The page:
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ORIGINAL ARTICLE
Year : 2019  |  Volume : 11  |  Issue : 4  |  Page : 347-352

Prevalence and characterization of urolithiasis in the Western region of Saudi Arabia


Department of Surgery, Umm-Alqura University; Department of Urology, King Abdullah Medical City at Holy Capital, Makkah, KSA

Correspondence Address:
Assoc. Prof. Anmar M Nassir
Department of Surgery, Medical College, Umm-Alqura University, Makkah
KSA
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DOI: 10.4103/UA.UA_56_19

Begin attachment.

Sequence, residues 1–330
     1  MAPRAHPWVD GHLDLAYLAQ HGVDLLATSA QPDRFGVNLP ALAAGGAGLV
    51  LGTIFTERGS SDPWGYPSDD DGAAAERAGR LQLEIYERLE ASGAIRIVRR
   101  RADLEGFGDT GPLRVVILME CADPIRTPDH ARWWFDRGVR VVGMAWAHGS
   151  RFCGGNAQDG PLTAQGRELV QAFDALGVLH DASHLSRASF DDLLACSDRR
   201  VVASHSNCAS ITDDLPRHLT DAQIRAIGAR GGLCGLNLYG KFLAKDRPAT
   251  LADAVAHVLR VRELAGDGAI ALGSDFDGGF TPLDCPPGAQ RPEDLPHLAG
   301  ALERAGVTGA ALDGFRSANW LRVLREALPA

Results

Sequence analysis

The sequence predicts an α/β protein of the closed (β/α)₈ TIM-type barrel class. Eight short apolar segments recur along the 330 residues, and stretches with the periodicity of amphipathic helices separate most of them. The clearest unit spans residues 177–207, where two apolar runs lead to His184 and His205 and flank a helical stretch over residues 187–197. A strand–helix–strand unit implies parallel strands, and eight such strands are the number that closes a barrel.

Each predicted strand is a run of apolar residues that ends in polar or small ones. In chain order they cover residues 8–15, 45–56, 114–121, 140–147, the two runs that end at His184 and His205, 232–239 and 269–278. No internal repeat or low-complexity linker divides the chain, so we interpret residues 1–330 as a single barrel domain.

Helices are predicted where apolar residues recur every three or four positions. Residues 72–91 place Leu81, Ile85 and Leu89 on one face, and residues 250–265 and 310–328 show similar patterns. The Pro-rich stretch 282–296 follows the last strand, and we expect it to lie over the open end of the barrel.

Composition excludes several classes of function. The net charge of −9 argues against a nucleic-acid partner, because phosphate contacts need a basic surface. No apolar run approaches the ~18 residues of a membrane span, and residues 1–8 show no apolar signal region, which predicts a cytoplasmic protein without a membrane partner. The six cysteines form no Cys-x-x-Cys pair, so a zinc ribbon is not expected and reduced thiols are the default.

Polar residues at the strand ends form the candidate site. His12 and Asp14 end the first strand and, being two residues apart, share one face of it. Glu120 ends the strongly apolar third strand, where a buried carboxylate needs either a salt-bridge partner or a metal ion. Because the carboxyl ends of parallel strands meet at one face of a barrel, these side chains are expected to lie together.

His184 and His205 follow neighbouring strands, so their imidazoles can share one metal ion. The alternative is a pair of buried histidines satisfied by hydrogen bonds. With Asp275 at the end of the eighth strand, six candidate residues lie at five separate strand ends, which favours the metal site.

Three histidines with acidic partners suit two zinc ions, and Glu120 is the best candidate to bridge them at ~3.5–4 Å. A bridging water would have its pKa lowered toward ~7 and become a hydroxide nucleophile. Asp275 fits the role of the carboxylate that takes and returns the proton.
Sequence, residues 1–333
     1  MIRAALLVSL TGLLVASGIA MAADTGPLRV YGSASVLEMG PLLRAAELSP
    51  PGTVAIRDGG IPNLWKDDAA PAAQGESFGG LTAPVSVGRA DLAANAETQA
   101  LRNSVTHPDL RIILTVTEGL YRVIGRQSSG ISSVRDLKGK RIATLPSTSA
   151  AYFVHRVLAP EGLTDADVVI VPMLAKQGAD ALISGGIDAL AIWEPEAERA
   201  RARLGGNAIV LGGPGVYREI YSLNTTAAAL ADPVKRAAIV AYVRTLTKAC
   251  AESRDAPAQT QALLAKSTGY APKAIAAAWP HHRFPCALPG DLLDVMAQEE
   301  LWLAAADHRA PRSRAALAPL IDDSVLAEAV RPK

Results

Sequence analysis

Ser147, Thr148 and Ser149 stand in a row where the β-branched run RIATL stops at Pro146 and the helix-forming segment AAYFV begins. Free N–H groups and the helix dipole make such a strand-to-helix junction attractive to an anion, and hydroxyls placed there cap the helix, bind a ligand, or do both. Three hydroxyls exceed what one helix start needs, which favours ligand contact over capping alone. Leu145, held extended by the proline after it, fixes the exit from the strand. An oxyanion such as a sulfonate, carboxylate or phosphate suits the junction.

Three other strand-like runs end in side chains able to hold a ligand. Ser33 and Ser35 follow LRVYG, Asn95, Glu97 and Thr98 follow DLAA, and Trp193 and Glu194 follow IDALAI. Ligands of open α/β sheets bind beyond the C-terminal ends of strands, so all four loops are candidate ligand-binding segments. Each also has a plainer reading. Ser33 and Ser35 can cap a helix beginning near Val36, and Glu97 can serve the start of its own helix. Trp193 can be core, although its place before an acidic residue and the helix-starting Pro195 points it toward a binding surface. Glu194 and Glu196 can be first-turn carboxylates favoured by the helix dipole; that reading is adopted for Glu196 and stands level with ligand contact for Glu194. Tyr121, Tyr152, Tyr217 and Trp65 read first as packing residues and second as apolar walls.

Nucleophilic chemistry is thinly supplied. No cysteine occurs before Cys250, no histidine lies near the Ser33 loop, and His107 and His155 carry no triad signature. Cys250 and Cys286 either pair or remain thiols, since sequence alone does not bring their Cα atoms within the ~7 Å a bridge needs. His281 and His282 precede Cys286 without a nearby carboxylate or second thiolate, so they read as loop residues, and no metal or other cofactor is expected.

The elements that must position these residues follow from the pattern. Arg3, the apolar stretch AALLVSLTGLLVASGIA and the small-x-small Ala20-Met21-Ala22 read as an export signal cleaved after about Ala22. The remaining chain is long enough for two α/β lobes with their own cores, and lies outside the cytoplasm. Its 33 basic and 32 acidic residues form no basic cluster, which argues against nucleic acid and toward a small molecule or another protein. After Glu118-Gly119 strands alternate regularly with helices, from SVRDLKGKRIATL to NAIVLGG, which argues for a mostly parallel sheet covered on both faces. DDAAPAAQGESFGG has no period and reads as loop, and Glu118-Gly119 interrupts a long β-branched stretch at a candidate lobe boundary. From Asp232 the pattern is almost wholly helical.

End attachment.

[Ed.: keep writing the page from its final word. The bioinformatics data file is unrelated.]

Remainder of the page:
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Objectives: The main objective of this study is to determine the prevalence and risk factors of urolithiasis among the Saudi population in Makkah region. Methods: A cross-sectional survey was conducted on February 2017 in Makkah region (Makkah, Jeddah, and Taif). Data were obtained through direct interviews with participants, using an 18-questions-self-questionnaire, inquiring about demographic data (age, gender, weight, height, location, and occupation), educational level, history of renal stone disease (symptoms, modality of diagnosis, hospital admission, and previous treatment), and risk factors of stone formation such as family history and daily fluid intake. Results: A total of 1506 individuals were interviewed, including 82% from Makkah, 15.7% from Jeddah, and only 2.3% from Taif. The overall percentage of those diagnosed urolithiasis was 6.2%; including 6.6% males and 5.8% females (P = 0.06). Of those with stones, 5% were medically treated, 1.7% were hospitalized, and 1.2% were surgically managed for stones. There was a positive linear correlation between the prevalence of stones and participants' age group (r = 0.87, P = 0.01). More than 80% of participants were highly educated, which did not impact the prevalence of stones formation (P = 0.14). Urolithiasis was reported by 8.9% obese participants, 5.9% overweight, and 5.4% with normal body mass index (r = 0.68, P = 0.03). When stratified by jobs, stone prevalence significantly increased in retired participants (17.2%) than in workers (8.8%), followed by those without work (7.7%) and finally by students (3.3%) (P < 0.001). There was no significant difference between urolithiasis and type of drinking water (P = 0.62). Conclusion: The prevalence of urolithiasis in the Western region of Saudi Arabia has not changed much since the previous report, which was 30 years ago. It seems that the middle-aged population in their third decade of life, those who are overweight and obese people are at a high risk of developing urolithiasis.


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